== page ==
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Indiana schools, communities take lead on school safety

After several school shootings across the U.S., Indiana communities and school officials say the issue of school safety is so important that they plan on taking matters into their own hands because state lawmakers may be slow to act.

Posted: Jun 18, 2018 10:11 AM

INDIANAPOLIS (AP) — After several school shootings across the U.S., Indiana communities and school officials say the issue of school safety is so important that they plan on taking matters into their own hands because state lawmakers may be slow to act.

"We can't wait for the state or federal government," said Danny Tanoos, superintendent at Vigo County School Corporation in Terre Haute. "Because they have a lot of different rules, regulations and hurdles they have to go over."

The issue has erupted in schools across the U.S. in the wake of shootings that killed 17 at a school in Parkland, Florida, and 10 in Santa Fe, Texas. The national headlines hit home last month, when a 13-year-old boy opened fire at a Noblesville middle school, wounding a 13-year-old girl and the science teacher who tackled the boy to stop the shooting.

Now Tanoos' district is one of many across the state that are having internal meetings and public forums to hear from parents and local law enforcement agencies. One topic has been installation of metal detectors. Others have conducted professional active shooter training for staff.

Lawmakers, at the request of Gov. Eric Holcomb, boosted school safety funding by $5 million during May's special session — which Democrats estimate amounts to an additional $7,000 per school. But now leaders of the GOP supermajorities say they are in wait-and-see mode.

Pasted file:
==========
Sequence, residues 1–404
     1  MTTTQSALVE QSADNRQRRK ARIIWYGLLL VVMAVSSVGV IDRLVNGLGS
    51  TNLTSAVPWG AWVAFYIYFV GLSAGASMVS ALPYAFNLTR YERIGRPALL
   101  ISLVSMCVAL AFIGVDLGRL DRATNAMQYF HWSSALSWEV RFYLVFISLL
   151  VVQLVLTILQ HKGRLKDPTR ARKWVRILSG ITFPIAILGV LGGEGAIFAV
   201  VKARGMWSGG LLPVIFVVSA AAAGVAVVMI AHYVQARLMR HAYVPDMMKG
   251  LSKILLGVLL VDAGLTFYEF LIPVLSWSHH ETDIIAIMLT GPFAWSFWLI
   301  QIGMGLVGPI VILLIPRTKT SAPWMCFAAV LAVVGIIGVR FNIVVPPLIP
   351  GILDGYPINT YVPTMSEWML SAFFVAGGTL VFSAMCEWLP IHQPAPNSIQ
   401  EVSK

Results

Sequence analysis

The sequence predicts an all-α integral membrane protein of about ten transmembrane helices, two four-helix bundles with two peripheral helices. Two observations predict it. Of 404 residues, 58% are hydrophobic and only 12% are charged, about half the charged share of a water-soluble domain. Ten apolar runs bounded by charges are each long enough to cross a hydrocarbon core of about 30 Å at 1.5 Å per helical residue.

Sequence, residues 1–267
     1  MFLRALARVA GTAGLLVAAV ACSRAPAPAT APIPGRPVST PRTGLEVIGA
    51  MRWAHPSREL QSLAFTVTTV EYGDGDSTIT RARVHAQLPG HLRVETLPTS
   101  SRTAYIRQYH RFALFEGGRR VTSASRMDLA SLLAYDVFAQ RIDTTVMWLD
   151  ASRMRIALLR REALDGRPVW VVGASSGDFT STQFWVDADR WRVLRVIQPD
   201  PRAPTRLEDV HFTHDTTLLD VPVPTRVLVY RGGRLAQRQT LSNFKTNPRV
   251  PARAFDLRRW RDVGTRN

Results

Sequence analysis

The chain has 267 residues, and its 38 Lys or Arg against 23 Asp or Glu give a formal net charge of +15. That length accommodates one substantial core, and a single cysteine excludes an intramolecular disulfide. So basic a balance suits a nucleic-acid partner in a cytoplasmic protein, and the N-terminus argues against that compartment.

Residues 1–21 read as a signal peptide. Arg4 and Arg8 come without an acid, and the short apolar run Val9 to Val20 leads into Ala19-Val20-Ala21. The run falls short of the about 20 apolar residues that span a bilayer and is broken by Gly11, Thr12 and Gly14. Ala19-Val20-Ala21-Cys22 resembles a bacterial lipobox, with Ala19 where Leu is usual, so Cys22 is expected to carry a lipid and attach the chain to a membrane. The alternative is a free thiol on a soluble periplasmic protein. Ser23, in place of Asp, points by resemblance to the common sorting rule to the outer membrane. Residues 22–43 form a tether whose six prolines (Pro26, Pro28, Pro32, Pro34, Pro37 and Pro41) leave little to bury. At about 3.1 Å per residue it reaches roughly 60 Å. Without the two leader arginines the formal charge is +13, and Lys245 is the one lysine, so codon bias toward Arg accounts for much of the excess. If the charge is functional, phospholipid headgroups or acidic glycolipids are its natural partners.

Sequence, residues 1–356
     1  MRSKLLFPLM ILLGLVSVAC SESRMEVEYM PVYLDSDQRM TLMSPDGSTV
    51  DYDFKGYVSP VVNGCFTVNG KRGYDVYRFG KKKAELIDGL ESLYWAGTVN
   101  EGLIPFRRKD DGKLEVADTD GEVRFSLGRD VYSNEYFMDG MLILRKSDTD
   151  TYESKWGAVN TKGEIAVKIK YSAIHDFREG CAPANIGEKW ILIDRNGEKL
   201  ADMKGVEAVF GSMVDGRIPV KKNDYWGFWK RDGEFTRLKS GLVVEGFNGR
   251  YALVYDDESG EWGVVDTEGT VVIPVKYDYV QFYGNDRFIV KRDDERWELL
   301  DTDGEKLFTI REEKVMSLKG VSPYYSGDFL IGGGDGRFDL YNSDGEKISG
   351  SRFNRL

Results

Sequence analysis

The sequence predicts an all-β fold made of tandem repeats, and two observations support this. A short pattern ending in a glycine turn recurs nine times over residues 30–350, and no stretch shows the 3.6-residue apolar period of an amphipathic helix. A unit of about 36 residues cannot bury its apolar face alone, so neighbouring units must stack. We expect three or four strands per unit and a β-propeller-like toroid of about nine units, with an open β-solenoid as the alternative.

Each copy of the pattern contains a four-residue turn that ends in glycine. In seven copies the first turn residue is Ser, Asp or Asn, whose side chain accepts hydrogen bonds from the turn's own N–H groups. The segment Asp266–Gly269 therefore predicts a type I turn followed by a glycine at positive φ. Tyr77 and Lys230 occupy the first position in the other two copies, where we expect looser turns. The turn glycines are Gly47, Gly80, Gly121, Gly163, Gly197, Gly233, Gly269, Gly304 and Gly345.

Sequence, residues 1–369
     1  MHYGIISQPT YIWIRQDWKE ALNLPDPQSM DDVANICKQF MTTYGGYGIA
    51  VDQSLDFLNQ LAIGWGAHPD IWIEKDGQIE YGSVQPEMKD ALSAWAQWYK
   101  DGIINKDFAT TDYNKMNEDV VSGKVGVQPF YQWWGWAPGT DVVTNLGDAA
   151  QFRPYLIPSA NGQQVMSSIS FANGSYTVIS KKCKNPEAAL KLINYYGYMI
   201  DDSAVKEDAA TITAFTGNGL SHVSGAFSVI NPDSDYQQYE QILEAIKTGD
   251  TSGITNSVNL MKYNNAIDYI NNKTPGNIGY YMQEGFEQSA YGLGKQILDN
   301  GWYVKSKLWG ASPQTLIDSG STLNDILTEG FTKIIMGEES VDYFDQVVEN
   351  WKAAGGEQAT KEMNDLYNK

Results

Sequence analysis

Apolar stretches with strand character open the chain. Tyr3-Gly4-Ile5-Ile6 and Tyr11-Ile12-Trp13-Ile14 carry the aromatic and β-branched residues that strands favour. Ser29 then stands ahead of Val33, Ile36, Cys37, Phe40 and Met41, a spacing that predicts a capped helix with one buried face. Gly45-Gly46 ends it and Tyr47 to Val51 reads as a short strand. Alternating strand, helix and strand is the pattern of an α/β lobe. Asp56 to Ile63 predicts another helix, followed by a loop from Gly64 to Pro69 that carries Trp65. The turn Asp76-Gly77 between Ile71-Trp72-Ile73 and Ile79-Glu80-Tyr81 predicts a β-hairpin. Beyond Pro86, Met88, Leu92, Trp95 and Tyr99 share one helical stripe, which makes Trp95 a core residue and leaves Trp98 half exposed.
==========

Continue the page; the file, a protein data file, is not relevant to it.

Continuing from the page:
House Speaker Brian Bosma recently declined a request from Democrats to add school safety to the topics lawmakers will study during the interim before next year's session.

Both Bosma and Holcomb say they will wait to decide if legislation is needed until after assigned government agencies conducting reports make recommendations, which the earliest is due by August. Bosma, of Indianapolis, also bristled at the suggestion that lawmakers aren't doing enough.

"Indiana is doing more than studying the school safety issue — we are taking action," Bosma said in a statement.

Not everyone agrees.

Democratic House Minority Leader Terry Goodin said what happened in Noblesville should be a "wakeup call."

"I believe it is imperative that state lawmakers take an active role on this issue from the start, and be ready to act on a bipartisan series of initiatives to ensure our schools are truly safe havens," the Austin Democrat said in a letter to Bosma.

In pro-gun Indiana, Republicans for years have touted security and safety measures at schools.

The state has a "red flag" law that allows weapons to be taken from someone if they are a danger to themselves or others. It is also one of only two states that require a certified safety specialist in every school corporation. Indiana created the School Safety Specialist Academy in 1999 to provide the latest training and information on national and state practices.

Yet the money available in the state's school safety grant program, which pays for schools to cover the cost of security equipment and safety resource officers, has not met demand.

There were 390 applicants in 2018 for the grant — up from 247 last year. They are competing for a total of $14 million in matching grants, according to the Department of Homeland Security spokesman David Hosick. School corporations, including public, private and charter schools, can receive $35,000 to $50,000 a year depending on enrollment.

"There are increased interests," Hosick said. "Schools are looking for additional opportunities to get some help to make the school safer and secured."

School districts across the state have been seeking more money and resources on their own.